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Giro d’Italia 2012 – Stage 12: Seravezza – Sestri Levante 157km. Back in the Front Seat


We’re in Seravezza. ‘Sad news, Donna Summer has passed away’ said the text from Martyn Frank. That news cast a shadow over a day of bright sunshine and hills. The start was down on the coast – it’s not quite beach season, so it’s not heaving yet.

In a month’s time you won’t be able to move on those beaches.

We had a chat with Jack Bauer before the stage – he looks in great condition.

Jack is looking in superb condition.

He’s lost weight since his days in Flanders, but he’s still the same no nonsense, nice lad.

We been following Jack’s progress for a few years, and he’s not changed a bit.

The percorso was tough, but the ‘bigs’ didn’t go crazy, letting a break go, from which Lars Bak jumped his companions to take victory.

Once again we couldn’t figure out the way they categorise the climbs – with the fourth cat seeming tougher to us than the second cat.

The crowds at the roadside have become bigger, the further north we’ve come.

Sandy Casar.

But on the subject of crowds, the control in the hills once the main bunch passes is terrible.

Everyone hops the barriers and starts to walk and pedal off the mountain.

We think it shows gross disrespect for the riders further down the classement – and it’s only a matter of time before there’s a bad accident.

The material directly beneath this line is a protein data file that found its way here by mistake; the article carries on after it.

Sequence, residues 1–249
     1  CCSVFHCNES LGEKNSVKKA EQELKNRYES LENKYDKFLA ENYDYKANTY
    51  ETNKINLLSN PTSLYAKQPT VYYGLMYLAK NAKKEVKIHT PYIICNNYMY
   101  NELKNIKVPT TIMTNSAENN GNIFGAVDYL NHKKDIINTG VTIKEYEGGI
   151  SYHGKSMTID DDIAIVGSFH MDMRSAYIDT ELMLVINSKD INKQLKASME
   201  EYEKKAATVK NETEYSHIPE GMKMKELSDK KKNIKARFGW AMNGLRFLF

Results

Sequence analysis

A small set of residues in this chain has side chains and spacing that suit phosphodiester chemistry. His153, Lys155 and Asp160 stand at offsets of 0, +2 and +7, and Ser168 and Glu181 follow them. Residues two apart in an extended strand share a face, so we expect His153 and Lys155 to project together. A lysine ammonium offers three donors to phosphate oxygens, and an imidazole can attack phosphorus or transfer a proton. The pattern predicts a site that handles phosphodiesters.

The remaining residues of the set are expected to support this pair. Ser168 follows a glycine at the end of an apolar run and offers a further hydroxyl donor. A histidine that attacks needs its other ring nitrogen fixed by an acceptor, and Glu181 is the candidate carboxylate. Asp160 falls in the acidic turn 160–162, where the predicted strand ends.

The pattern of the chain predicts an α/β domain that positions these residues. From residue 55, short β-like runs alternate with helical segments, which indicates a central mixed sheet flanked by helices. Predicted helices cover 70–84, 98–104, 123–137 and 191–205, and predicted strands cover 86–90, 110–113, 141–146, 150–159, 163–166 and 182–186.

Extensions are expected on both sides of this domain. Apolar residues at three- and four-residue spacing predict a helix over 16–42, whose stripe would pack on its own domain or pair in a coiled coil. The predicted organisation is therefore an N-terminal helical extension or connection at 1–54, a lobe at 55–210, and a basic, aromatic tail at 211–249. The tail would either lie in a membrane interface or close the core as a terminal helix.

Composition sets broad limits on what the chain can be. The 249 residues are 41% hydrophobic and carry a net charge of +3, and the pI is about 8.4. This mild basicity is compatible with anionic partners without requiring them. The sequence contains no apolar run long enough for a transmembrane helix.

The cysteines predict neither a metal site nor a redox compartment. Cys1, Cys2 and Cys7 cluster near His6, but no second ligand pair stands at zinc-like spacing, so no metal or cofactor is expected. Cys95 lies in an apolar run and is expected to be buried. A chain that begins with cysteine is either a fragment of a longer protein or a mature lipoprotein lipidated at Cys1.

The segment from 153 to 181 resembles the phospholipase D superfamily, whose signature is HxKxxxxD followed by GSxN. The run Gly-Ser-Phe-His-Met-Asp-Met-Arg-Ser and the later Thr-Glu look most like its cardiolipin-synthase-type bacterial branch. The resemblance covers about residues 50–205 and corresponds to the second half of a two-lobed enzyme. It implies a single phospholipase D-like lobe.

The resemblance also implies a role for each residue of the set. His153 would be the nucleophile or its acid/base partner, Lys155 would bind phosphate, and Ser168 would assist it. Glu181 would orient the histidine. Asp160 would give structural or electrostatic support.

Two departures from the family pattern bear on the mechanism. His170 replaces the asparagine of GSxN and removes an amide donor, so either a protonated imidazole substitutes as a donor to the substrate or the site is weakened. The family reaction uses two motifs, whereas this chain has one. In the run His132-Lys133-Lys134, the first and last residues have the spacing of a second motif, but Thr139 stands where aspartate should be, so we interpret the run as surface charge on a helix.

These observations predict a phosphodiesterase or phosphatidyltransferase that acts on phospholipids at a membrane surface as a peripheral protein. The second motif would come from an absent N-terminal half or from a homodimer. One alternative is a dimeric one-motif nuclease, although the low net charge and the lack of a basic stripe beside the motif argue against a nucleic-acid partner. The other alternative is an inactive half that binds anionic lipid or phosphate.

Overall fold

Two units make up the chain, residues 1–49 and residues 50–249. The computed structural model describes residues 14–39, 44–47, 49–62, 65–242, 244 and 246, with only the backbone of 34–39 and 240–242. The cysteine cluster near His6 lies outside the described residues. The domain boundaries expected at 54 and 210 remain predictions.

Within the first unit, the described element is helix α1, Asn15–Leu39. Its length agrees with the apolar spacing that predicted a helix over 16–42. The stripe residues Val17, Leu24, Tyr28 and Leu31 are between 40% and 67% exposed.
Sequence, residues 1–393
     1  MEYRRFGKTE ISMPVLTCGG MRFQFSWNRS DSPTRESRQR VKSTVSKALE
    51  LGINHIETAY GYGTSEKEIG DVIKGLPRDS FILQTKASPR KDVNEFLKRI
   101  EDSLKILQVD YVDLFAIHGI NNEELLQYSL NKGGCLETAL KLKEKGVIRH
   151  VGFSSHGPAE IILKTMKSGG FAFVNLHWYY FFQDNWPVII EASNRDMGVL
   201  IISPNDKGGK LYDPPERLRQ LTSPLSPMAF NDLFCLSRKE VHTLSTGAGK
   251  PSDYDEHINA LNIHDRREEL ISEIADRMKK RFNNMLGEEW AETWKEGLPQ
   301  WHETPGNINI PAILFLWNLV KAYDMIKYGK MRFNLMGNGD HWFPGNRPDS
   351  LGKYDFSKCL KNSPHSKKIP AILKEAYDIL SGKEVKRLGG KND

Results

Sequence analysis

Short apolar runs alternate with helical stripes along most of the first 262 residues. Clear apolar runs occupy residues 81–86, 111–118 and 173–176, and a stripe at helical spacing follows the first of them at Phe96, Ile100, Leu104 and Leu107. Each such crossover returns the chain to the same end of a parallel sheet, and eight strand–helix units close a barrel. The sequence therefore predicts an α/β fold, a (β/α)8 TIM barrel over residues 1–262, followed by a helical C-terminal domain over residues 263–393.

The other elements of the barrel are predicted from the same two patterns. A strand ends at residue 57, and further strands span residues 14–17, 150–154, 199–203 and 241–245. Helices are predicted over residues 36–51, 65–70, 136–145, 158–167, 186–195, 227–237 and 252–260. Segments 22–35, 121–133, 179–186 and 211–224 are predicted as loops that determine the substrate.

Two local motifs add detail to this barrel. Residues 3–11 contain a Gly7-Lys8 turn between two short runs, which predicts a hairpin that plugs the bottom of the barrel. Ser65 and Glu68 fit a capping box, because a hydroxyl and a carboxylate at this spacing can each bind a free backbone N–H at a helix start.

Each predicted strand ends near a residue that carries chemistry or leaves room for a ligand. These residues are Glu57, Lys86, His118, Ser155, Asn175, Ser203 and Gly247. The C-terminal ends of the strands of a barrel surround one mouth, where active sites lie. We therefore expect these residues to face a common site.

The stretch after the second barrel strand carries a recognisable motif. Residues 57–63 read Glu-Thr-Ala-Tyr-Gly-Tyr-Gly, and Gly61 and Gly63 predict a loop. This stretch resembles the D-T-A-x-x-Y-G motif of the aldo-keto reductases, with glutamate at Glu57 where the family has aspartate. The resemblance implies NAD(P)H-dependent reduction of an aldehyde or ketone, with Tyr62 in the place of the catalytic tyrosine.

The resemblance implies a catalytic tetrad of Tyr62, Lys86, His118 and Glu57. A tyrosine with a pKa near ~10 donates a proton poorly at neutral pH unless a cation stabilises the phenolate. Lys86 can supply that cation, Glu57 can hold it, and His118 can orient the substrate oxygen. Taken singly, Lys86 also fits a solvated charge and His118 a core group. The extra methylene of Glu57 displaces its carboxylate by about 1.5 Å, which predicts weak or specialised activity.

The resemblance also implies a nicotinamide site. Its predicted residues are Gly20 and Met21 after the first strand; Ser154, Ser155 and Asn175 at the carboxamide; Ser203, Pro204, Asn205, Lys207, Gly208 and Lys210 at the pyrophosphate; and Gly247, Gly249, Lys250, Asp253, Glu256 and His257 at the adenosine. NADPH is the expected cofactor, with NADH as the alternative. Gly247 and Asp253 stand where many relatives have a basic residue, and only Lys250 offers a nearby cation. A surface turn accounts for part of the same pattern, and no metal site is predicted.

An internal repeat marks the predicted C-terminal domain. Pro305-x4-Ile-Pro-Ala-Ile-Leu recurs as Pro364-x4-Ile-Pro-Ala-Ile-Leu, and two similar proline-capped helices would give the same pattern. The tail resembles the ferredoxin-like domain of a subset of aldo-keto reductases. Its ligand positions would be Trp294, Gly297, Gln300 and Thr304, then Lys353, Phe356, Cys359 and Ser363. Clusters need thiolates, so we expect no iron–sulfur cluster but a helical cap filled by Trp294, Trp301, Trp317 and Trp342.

Cav knows how to ride in the autobus to get the stage done with energy to spare.

Marczynski was last man on the road and the crowd had all but gone when he arrived yesterday, maybe 30/40 minutes down on the leaders.

He was eliminated but went out fighting – respect!

Marczynski well down, and nearly out. But still fighting.

I’m writing this on the sea front at Savona, in the sunshine – word is that it’s still raining in Fife.

Sorry to hear that, guys!

Savona sea front, Giuseppe Garibaldi surveys the scene from his horse – he’s not sure about all this pink and noise.

We were here early, today – we spent the night in Genoa and in common with most Italian cities, the parking is a nightmare.

Savona sea front.

We had to have the car away before 07:30, latest.

The alarm blasted at 06:30, a quick shower, coffee and on the road for 07:15.

Happy Giro!

One of the good things about staying in the big city is that you get Gazzetta without drama – news kiosks abound.

Ed loves his daily Gazzetta buzz.

Basso is on 9/10 for taking charge of the race, yesterday – Liquigas imperious at the head of affairs.

Rodriguez gets 5 for not taking responsibility with his team as pink jersey.

Cunego fairs even worse – 4.5, the Gazzetta reckons it was his kind of stage yet he was anonymous.

Our pal Vik could write for the Gazzetta, his brutal frankness is in line with their editorial policy.

Ferrari is one tough cookie.

And the race organisation went up several notches in my estimation when I received this email:

“The Giro d’Italia will remember singer Donna Summer who passed away today by remembering her life and playing her music at the start and finish of stage 13 from Savona to Cervere on Friday.”

And as I write this, ‘Hot Stuff’ blasts.

Ciao, Bella.

And we’re proud to be here!
Ed Hood
Ed's been involved in cycling for over 45 years. In that time he's been a successful time triallist, team manager, and sponsor of several teams and clubs. He's also a respected and successful coach, and during the winter months can often be found working in the cabins at the Six Days. Ed remains a massive fan of the sport and couples his extensive contacts with an inexhaustable enthusiasm for the minutiae and the history of our sport.

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